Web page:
In 2018, the Bank of England investigated whether a big rise in interest rates would trigger a cascade of forced selling by bond investors, destabilizing the financial system. The answer was no, even if long-term rates rose a full percentage point in a week, which had never happened in records going back to 1990.
“The speed and scale of the moves in gilt yields was unprecedented,” the bank explained in a letter to Parliament. The refrain sounded familiar: the stock market crash of 1987, the near-failure of hedge fund Long-Term Capital Management in 1998, and the housing and mortgage crisis of 2007-09 were all precipitated by financial prices moving violently, by magnitudes outside historical experience.
This doesn’t mean they were chance events. In each case, the belief that such events were thought impossible caused investors to behave in ways that made those events inevitable. During the 2000s, the belief that home prices would never decline nationally drove a flood of money into houses, mortgages and related derivatives. The result was a massive, overleveraged bubble whose eventual demise sent home prices down and defaults up.
The British bond market debacle might be a sign of similar dynamics at work and another reason to expect structurally higher, more volatile real (inflation-adjusted) interest rates in coming years. Real 10-year gilt yields stood at 1.13% Wednesday, compared with minus 0.44% on Sept. 22, according to
Real yields in the U.S. have also shot up.
In the years after the global financial crisis, economists concluded that sluggish growth and inflation that persistently ran below central banks’ targets had become a permanent feature of the economic landscape, bringing structurally lower real interest rates. Investors naturally sought out strategies designed to profit from such an environment. Pension funds were especially eager, because lower rates made it more difficult to pay promised benefits.
One such strategy was “liability-driven investment,” in which the pension fund enters into a derivatives-based contract to pay a floating interest rate and receive a fixed interest rate tied to government bond yields. To amplify returns, many funds used leverage—borrowing with gilts as collateral—to expand their positions up to sevenfold.
The strategy made money, provided long-term interest rates didn’t go up, and even more money if rates actually went down, as they did for much of the decade, said
an independent pensions analyst and a critic of the strategy. “Lower for longer became something of a mantra. There were very few people that believed we were likely to see rates rise sharply, as late as last Christmas,” he said.
Regulators implicitly encouraged this strategy. In its November, 2018 financial stability report, the Bank of England included a lengthy analysis of leverage at pension funds, hedge funds, insurance companies and other “nonbanks.” It was mostly concerned that margin calls could lead to forced sales of assets that the market couldn’t absorb without big price moves. It concluded any such selling would be small “as a proportion of the total demand on market liquidity,” even if rates rose a full percentage point in a single day or week, which “has never been experienced in 10-year sterling swap rates looking back to 1990. Even over a month, it would be a 1-in-1,000 event,” plenty of time for a relatively smooth adjustment, BOE wrote.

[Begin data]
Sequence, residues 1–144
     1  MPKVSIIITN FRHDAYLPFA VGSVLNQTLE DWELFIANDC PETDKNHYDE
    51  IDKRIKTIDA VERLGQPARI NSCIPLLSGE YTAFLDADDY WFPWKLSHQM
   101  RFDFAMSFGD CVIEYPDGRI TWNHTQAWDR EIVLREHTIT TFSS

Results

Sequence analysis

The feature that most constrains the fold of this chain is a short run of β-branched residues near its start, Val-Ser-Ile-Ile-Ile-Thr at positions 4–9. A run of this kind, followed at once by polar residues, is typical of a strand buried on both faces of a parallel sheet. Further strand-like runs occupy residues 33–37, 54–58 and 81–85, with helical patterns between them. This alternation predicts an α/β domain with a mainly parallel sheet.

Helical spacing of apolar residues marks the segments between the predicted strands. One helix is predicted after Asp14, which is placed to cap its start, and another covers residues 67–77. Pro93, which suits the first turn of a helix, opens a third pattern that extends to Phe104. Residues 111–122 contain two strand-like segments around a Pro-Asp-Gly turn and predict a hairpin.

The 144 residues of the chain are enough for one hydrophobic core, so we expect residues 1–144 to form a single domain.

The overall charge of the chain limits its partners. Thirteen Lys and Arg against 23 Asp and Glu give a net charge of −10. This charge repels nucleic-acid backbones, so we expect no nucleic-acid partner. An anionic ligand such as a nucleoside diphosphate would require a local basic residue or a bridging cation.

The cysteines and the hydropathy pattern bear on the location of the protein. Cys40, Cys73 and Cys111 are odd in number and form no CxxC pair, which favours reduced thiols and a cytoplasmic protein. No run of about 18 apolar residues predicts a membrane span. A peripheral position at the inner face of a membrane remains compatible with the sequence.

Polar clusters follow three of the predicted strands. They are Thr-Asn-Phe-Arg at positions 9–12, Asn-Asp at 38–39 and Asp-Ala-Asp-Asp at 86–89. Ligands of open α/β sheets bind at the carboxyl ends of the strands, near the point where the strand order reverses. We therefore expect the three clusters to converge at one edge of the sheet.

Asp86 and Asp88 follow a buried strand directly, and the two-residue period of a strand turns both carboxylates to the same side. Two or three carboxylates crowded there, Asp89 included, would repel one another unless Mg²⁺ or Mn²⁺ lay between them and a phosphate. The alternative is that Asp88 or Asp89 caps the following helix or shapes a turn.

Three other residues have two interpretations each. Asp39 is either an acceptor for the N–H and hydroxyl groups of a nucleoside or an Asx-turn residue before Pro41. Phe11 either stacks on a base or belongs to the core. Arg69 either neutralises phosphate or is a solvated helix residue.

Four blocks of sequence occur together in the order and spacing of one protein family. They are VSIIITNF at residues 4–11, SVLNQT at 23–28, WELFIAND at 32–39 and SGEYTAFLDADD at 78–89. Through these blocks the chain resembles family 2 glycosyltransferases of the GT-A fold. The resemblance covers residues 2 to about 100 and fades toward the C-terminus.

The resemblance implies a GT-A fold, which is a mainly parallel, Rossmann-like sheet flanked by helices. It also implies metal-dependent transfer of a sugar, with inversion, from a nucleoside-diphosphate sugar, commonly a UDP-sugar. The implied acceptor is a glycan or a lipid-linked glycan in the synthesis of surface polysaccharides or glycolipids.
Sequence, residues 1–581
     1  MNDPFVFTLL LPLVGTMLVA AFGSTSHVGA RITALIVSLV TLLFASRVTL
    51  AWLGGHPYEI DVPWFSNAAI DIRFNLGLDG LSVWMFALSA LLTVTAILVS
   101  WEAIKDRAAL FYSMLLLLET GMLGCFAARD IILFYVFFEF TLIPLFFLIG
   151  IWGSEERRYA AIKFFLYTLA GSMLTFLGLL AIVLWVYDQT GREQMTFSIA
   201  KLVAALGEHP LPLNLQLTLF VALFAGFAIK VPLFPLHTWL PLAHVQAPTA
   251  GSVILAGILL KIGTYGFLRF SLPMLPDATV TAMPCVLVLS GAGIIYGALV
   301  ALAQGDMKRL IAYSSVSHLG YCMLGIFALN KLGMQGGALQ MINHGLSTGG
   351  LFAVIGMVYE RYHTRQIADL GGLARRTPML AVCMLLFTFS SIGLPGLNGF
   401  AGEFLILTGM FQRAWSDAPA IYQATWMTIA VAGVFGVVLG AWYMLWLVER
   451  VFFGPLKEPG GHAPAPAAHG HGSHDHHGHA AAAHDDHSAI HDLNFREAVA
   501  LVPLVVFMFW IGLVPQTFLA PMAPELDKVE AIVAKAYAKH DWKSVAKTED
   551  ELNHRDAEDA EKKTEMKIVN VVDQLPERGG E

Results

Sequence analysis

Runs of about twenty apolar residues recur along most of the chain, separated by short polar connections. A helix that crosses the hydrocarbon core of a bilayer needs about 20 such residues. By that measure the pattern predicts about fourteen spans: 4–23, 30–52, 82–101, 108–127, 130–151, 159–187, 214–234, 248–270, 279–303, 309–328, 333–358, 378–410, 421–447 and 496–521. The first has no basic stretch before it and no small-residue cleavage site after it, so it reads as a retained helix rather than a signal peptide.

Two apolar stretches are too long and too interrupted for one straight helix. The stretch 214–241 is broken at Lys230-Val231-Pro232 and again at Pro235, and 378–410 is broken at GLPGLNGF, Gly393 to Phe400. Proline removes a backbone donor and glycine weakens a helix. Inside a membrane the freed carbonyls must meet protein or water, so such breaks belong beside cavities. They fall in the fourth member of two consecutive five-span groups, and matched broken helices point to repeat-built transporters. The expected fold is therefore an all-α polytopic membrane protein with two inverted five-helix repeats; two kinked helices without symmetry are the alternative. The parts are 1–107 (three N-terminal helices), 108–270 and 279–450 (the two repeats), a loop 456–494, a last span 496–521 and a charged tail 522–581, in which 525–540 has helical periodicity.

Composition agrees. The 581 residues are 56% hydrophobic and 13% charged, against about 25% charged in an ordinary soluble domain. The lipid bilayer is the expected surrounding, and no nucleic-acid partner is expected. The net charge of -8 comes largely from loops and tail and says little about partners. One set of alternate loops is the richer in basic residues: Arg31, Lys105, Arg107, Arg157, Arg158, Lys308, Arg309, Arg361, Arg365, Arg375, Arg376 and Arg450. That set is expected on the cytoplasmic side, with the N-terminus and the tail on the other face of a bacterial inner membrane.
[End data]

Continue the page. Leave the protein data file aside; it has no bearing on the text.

In part thanks to those benign assumptions, the notional value of LDIs soared from £400 billion in 2011 to £1.6 trillion, equivalent to $1.7 trillion, last year, a staggering sum. This indirectly put downward pressure on long-term interest rates, making investors’ expectation of low rates partly self-fulfilling. But as high inflation sent rates higher this year, the opposite happened. LDI positions began to lose money. The jump in yields following the tax-cut announcement triggered widespread margin calls and forced liquidation of positions. A strategy that had once amplified downward pressure on rates is now doing the opposite.
SHARE YOUR THOUGHTS
What do you think will happen with bond yields? Join the conversation below.
There are almost certainly many other strategies designed for a low-rate world that are now switching into reverse. Before 1998, stock and bond prices were positively correlated: They rose and fell together. That was because inflation was the main driver of economic cycles. When it rose, the Fed tightened, which was bad for both stocks and bonds (whose prices move in the opposite direction to yields). But after 1998, inflation became low and stable, and the Fed mostly cut rates, sending bond prices up, in response to economic calamities that pounded the stock market.
Because bonds were now negatively correlated to stocks, they made a portfolio less risky and thus acquired value as a hedge. In a 2019 paper,
of the hedge fund D.E. Shaw & Co. estimated the shift from positive to negative correlation doubled how much of a typical portfolio would be allocated to bonds, contributing to a “massive repricing of fixed-income assets:”
Investors were now willing to accept much lower yields on bonds relative to cash. But with inflation roaring back this year, correlations have turned positive again and bonds are losing their hedge value. If sustained, this should lead to lower bond allocations and higher yields.
As investors exit strategies designed to exploit low real rates, they subtract an important source of demand for bonds. They thus compound other factors pushing real rates higher, including more volatile inflation, central bank bond sales and larger government debts. Whether that will offset the downward pressure from lower economic growth is unclear. But it is one more reason the benign financial conditions that prevailed before the pandemic are likely over.
Write to Greg Ip at [email protected]
Copyright ©2022 Dow Jones & Company, Inc. All Rights Reserved. 87990cbe856818d5eddac44c7b1cdeb8